Robot, by Jim Henson


When I was a kid my parents took my sister and I to Autoworld in Flint, Michigan. It was supposed to be an amusement park dedicated to educating the world on the importance and innovation of the auto industry. One of the first things visitors saw upon entering the complex was a robot that welcomed you to the “wonderful world of automated assembly,” which was transforming the way we built cars in America. I vividly remember my dad leaning down to whisper in my ear, “Yeah, and I wonder how the guys that’s putting out of work feel about it?”

In this hyper-connected technology age it’s hard to imagine a time when people were afraid of robots, but they were. We were. Maybe not afraid like we’re afraid of nuclear Armageddon, but there was certainly anxiety there and uncertainty in regard to who would be in control if and when the robots got as smart as their human masters.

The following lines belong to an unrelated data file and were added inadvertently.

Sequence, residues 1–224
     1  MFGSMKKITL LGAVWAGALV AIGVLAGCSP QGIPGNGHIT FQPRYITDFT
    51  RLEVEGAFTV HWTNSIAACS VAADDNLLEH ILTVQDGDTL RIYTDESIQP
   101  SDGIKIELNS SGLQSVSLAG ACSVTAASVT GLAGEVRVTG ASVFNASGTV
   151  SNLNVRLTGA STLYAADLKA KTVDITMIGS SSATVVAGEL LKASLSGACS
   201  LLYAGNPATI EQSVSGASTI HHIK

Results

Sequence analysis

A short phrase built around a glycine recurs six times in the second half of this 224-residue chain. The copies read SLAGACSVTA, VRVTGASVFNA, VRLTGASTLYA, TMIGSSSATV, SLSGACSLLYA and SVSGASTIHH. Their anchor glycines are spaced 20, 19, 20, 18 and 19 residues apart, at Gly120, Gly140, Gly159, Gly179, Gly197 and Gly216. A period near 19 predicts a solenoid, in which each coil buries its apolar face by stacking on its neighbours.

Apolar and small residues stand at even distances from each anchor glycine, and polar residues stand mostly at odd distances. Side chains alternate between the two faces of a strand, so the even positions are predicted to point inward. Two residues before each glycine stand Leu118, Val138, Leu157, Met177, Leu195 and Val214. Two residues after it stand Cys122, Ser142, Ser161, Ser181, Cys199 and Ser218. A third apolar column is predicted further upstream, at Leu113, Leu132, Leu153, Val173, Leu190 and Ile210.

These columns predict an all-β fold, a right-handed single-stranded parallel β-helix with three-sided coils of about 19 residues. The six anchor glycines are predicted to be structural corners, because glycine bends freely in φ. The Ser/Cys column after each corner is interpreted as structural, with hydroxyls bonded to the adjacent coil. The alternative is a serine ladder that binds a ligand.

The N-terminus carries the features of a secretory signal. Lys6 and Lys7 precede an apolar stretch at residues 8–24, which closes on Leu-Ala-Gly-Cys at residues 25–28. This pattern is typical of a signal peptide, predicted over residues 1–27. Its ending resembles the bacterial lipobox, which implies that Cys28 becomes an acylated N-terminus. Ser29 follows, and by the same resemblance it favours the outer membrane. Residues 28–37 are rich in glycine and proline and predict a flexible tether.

That’s the theme of this short film created for The Bell System by Jim Henson in 1963 and unearthed by the AT&T Archives. While lacking in subtlety (spoiler alert: the robots NEED us!), it’s an early look at Henson’s ability to humanize objects and inject them with personality. It’s also a fascinating look at how the early tension between man and machine played into our cultural psyche.

Now please excuse me as I tweet this from my iPhone…

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